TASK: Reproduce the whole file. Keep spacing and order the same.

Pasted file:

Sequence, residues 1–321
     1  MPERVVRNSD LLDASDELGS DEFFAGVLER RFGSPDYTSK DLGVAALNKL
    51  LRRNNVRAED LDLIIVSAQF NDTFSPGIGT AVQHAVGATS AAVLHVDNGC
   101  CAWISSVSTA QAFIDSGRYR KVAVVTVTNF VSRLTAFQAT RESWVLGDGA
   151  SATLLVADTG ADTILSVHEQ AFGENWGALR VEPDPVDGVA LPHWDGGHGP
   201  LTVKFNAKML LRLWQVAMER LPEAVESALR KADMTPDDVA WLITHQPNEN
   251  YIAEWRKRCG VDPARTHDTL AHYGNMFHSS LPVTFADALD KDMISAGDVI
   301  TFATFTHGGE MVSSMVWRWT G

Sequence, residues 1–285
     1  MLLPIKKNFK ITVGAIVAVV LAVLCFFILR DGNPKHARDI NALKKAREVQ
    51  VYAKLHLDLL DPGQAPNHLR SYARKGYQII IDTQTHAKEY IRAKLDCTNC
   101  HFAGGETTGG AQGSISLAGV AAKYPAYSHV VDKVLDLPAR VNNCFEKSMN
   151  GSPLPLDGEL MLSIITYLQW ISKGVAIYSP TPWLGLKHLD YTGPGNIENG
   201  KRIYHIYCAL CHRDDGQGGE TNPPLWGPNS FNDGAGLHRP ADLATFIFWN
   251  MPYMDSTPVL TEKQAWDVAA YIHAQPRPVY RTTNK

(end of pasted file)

Sequence, residues 1–321
     1  MPERVVRNSD LLDASDELGS DEFFAGVLER RFGSPDYTSK DLGVAALNKL
    51  LRRNNVRAED LDLIIVSAQF NDTFSPGIGT AVQHAVGATS AAVLHVDNGC
   101  CAWISSVSTA QAFIDSGRYR KVAVVTVTNF VSRLTAFQAT RESWVLGDGA
   151  SATLLVADTG ADTILSVHEQ AFGENWGALR VEPDPVDGVA LPHWDGGHGP
   201  LTVKFNAKML LRLWQVAMER LPEAVESALR KADMTPDDVA WLITHQPNEN
   251  YIAEWRKRCG VDPARTHDTL AHYGNMFHSS LPVTFADALD KDMISAGDVI
   301  TFATFTHGGE MVSSMVWRWT G

Sequence, residues 1–285
     1  MLLPIKKNFK ITVGAIVAVV LAVLCFFILR DGNPKHARDI NALKKAREVQ
    51  VYAKLHLDLL DPGQAPNHLR SYARKGYQII IDTQTHAKEY IRAKLDCTNC
   101  HFAGGETTGG AQGSISLAGV AAKYPAYSHV VDKVLDLPAR VNNCFEKSMN
   151  GSPLPLDGEL MLSIITYLQW ISKGVAIYSP TPWLGLKHLD YTGPGNIENG
   201  KRIYHIYCAL CHRDDGQGGE TNPPLWGPNS FNDGAGLHRP ADLATFIFWN
   251  MPYMDSTPVL TEKQAWDVAA YIHAQPRPVY RTTNK